Nowhere is this truer than in continued allegiance to the monarchy. Now, sensing a real crisis, liberal commentators are panicking. Martin Kettle (above) writes: “The latest Ipsos Mori survey on the subject, in November 2021, showed that 60% for Britain remains a monarchy, 21% favoring a republic and 19% don’t know. It’s still a strong position, but it’s a noticeable decline. It came, moreover, at a time when the Queen’s own popularity remains intact. In a YouGov survey last week, Elizabeth II’s favor ratings were 84% positive to 11% negative. When the queen eventually leaves, however, things could be very different.

Well, yes, and without wanting to be morbid, it can’t be too far.

But a lot (a lot) has happened between November 2021 and today and I’d love to see those updated survey numbers. I would also like to see them disaggregated for Scotland.

Kettle thinks a lot about the future. He writes: “It is not difficult to see what will begin to happen after the death of the Queen, and perhaps even before her… The monarchy will find itself becoming the object of controversy of which Elizabeth has, on the whole, isolated it. . Its vulnerability will be exposed and tested, especially among young people. »

“If you want to make this prospect a little spicier, imagine this happening around the same time that the future unity of the new monarch’s kingdom is itself in question. Suppose Northern Ireland faces a referendum on unification, or Scotland faces a vote on whether to become independent. Neither is unthinkable over the next decade.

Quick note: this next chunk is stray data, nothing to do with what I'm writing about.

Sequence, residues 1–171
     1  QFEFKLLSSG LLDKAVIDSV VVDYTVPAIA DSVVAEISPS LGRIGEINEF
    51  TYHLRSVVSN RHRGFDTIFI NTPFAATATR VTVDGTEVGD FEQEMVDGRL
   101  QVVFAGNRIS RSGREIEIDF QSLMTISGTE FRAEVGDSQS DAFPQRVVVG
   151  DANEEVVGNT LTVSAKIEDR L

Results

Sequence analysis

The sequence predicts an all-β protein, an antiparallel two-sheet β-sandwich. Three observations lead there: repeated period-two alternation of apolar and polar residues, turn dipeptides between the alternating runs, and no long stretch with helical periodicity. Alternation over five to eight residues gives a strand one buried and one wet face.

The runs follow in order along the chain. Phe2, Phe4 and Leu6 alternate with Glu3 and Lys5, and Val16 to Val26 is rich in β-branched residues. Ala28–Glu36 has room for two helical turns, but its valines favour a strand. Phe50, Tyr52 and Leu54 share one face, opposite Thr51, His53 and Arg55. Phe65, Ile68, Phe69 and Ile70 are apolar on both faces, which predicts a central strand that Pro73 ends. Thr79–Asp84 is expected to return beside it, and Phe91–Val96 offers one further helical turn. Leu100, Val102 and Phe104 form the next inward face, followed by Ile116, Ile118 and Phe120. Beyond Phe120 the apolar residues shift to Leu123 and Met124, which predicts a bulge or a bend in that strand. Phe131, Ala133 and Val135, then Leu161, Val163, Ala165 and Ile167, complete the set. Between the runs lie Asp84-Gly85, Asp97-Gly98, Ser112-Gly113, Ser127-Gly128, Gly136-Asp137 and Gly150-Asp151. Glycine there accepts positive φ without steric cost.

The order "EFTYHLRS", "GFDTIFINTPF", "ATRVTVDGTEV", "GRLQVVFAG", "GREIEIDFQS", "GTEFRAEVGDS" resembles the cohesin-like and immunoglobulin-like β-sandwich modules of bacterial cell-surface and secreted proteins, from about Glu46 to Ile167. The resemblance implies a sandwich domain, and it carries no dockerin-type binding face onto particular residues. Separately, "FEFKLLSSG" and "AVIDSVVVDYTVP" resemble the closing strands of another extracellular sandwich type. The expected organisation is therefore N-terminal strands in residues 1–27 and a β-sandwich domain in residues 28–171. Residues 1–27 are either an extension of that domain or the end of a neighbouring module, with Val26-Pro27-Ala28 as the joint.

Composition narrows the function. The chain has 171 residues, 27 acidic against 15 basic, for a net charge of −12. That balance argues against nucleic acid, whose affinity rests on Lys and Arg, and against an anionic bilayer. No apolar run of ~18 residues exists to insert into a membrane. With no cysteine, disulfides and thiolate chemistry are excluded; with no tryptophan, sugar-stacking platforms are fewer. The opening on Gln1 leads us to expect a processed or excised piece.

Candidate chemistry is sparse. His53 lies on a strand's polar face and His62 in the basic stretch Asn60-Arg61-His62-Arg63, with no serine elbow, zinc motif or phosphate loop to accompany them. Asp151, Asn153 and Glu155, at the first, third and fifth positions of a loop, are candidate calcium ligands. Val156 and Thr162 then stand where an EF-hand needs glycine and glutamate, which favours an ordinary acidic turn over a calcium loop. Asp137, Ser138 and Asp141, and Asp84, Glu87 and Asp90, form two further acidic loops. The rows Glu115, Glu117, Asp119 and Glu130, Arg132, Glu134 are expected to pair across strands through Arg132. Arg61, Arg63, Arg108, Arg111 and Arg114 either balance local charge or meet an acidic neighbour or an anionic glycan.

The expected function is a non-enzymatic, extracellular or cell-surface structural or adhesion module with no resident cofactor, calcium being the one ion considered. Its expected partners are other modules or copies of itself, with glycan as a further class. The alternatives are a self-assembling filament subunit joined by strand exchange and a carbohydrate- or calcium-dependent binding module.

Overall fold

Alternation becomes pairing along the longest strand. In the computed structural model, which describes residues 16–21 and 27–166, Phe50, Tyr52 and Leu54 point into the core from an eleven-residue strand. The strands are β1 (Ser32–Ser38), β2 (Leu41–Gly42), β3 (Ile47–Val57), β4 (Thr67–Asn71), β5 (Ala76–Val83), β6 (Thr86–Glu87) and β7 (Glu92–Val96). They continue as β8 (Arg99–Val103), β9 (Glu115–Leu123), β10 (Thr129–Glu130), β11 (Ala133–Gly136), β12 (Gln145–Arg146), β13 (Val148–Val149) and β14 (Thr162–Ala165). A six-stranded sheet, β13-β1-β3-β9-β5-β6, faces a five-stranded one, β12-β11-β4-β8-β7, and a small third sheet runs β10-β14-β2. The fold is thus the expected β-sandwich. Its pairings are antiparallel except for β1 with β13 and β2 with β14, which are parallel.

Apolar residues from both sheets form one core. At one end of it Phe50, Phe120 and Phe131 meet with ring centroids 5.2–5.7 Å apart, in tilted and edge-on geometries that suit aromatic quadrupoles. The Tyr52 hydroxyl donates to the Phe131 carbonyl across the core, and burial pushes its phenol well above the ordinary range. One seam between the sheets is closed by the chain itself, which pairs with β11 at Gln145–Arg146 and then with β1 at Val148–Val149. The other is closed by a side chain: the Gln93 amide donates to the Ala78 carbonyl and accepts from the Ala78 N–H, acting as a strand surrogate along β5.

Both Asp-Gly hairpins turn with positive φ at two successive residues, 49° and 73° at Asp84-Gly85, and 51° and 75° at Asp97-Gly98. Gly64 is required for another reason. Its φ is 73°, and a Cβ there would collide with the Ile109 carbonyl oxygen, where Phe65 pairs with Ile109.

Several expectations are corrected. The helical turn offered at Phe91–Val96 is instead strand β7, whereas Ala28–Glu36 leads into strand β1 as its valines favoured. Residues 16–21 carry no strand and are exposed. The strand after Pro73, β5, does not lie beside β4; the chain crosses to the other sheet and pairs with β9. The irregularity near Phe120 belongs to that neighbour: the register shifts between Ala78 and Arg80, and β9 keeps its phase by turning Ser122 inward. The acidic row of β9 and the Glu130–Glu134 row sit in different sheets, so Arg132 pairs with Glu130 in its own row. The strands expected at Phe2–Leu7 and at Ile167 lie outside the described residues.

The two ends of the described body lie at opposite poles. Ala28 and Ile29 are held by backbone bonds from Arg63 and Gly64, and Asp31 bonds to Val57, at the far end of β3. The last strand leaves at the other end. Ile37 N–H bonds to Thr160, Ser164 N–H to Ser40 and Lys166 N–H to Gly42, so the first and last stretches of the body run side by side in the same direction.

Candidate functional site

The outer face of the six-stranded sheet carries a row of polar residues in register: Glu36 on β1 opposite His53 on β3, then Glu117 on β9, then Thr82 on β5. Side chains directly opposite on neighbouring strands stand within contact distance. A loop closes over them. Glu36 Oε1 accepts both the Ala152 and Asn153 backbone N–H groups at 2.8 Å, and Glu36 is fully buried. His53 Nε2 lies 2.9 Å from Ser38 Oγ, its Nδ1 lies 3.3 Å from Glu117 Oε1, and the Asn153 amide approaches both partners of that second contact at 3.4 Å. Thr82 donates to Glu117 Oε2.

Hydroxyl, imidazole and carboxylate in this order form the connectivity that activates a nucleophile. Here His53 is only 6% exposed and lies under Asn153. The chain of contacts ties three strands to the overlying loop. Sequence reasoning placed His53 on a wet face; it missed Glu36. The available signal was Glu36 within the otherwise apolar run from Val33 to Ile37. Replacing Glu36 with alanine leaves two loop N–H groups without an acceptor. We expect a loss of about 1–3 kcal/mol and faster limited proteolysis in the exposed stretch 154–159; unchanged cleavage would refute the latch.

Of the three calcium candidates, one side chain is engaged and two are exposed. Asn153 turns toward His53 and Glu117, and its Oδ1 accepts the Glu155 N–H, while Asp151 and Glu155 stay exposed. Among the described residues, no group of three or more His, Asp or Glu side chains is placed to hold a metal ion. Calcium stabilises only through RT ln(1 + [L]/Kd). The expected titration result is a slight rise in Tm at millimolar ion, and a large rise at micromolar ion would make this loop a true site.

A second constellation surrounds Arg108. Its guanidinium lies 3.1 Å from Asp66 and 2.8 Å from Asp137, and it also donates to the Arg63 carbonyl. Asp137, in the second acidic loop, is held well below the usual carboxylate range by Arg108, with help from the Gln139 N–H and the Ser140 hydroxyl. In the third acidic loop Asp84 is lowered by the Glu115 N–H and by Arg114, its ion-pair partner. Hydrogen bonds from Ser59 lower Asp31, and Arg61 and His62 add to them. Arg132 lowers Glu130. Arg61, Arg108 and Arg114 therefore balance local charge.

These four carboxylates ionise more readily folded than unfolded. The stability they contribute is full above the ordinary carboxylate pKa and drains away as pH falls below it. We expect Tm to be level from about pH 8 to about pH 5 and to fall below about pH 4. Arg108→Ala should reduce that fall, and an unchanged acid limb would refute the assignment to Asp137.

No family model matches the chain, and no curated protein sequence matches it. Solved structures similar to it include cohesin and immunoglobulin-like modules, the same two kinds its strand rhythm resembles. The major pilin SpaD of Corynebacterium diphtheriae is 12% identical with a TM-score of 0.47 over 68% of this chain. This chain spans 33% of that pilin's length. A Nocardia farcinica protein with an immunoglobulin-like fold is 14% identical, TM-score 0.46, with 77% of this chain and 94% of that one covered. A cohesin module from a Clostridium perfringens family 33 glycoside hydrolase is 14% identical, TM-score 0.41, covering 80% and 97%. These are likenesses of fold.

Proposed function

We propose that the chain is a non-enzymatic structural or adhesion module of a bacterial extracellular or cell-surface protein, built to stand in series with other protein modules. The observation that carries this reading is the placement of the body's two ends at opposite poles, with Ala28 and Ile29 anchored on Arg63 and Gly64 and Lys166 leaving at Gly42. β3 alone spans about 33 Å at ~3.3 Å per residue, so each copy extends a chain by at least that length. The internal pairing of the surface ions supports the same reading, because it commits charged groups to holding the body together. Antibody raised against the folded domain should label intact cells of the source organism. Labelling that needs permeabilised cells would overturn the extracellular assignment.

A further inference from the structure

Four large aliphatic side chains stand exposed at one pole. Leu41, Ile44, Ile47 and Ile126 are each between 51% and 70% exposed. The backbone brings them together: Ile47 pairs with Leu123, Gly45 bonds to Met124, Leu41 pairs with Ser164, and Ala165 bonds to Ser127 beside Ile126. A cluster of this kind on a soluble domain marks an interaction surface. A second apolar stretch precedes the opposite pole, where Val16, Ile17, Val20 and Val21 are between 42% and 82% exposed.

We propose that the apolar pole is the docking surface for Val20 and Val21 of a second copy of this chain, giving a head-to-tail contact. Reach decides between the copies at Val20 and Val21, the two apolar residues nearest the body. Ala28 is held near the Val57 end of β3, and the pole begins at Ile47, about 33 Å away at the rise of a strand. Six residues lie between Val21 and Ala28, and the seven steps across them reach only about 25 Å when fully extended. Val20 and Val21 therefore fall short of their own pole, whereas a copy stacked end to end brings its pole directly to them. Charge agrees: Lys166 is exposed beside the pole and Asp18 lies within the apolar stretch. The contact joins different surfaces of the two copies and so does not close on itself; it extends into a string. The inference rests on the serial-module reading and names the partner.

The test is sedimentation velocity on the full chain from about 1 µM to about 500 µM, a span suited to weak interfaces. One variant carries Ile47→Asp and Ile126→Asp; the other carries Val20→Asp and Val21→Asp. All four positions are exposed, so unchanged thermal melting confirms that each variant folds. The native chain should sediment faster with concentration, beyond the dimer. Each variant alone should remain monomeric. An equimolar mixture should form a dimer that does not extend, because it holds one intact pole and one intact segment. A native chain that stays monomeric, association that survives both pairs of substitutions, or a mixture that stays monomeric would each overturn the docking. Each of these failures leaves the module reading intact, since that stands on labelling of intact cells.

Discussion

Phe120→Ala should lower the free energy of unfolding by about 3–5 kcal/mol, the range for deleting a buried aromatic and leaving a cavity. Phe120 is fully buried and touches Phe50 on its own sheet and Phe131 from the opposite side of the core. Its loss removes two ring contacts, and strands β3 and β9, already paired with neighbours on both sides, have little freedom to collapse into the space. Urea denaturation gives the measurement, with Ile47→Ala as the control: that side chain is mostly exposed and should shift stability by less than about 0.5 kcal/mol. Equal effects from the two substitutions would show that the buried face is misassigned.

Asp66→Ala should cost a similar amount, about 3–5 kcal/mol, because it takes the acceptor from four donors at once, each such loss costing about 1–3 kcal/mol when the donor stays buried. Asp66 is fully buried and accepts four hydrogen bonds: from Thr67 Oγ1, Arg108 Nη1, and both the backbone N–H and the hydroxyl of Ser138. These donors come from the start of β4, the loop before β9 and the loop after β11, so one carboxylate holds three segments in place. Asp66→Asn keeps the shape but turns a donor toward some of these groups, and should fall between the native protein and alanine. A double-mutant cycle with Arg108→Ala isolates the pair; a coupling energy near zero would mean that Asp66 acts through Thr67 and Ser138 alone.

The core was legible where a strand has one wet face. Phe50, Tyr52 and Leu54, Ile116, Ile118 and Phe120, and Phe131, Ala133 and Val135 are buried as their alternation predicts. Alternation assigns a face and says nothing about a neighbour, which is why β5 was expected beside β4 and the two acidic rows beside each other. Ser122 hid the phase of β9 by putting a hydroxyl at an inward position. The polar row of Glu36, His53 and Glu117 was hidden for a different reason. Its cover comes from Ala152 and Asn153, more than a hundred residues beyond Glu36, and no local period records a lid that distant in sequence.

To imagine.

BUT if there is an open door for real change here and a move away from the suffocation of British realism, it is a door that needs to be pushed.

As the Yes movement tries to revive itself, it should do the right thing and put a Scottish Republic at the heart of its vision. We must completely revise the arguments for independence and the abandonment of the British monarchy must be a key part of a completely revamped perspective. This could be at the center of a contemporary constitution fit for the 21st century and future-oriented for times to come.

He would likely be unpopular with a small sliver of the population already unlikely to be persuaded and enrage some of the lumpen loyalists.

But more importantly, it would galvanize the idea that this is a democratic movement as much and much more than a nationalist one. Tactically, too, the introduction of completely new ideas bewilders the opposition, which foams in panic at the state of British politics.

Let’s change the field, let’s change the debate. Imagine a contemporary modernizing Scotland with an archaic broken Britain. Let Barons Foulkes and McConnell and Baroness Lundin Links oppose it as much as they wish.

We can be British subjects or Scottish citizens, it’s time to decide.

For a long time, the argument has been that the sweet spot is to ensure that the arguments for Scottish independence should not be too radical, which would deter people from supporting it. This has always been completely wrong, but it is more obviously wrong as you watch the British state descend into disgrace and dysfunction. For the Yes arguments to be convincing, they must offer the prospect of real change.